The essence of modern analytics is that you don’t always know the questions you want to ask of the data, but when they occur, you want answers fast. The legacy architecture processes required for working with data were made for questions that used the same dimensions to examine the data.
That’s why DataOps architectures look at data as a pipeline by considering its sources and where it’s being consumed. The goal is an uninterrupted flow — as close as possible to real-time — to reduce latency. Instead of ETL, they focus processes on ELT (extract, load and transform) so that you can change the data to have it fit the specific questions you’re asking. It leaves the raw data there for subsequent access and subsequent questions.
Enhanced data lineage
In deciding whether to use data or not, people want to know where the data has come from and what has happened to it along the way. That’s the role of data lineage.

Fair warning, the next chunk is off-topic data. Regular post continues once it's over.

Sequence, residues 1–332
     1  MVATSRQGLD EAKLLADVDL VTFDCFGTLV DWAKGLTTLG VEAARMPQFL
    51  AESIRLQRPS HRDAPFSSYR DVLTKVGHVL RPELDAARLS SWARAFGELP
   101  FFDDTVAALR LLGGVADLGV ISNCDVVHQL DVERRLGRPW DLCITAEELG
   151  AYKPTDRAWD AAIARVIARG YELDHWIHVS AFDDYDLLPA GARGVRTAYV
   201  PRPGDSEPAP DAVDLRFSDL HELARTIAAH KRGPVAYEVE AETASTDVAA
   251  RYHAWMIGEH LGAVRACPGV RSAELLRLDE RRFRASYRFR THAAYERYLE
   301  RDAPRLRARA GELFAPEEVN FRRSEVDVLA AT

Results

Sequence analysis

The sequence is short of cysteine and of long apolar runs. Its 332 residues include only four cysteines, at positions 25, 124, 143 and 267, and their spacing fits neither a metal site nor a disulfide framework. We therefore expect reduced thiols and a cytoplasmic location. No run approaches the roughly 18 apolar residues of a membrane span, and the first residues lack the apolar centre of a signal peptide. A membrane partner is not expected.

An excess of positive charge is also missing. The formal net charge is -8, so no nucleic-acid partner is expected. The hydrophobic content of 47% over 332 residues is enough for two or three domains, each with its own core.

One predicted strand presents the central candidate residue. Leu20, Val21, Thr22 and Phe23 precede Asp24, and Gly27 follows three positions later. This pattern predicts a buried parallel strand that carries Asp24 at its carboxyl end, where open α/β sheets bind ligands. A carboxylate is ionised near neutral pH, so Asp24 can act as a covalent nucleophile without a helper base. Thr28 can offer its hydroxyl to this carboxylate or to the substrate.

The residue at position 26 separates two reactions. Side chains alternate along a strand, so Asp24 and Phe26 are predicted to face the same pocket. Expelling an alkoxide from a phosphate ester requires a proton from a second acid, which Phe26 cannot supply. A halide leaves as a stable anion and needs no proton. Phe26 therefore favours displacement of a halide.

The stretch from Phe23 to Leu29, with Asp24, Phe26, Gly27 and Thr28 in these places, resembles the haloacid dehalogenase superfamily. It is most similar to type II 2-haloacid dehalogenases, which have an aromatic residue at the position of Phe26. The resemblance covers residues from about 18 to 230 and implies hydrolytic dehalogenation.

DataOps architectures provide intelligence around the data so that the people who consume it trust it and know that they have the right data for the questions they’re asking. Data intelligence leads into data governance, or ensuring that people know how they should and should not use the data. That’s at the heart of protecting privacy and personally identifiable information (PII) to mitigate the company’s risk.
People also want to understand what the data means, how it relates to the business and whether the data source is of high quality. Low-quality data contains defects like duplicate records and dummy records that can skew results.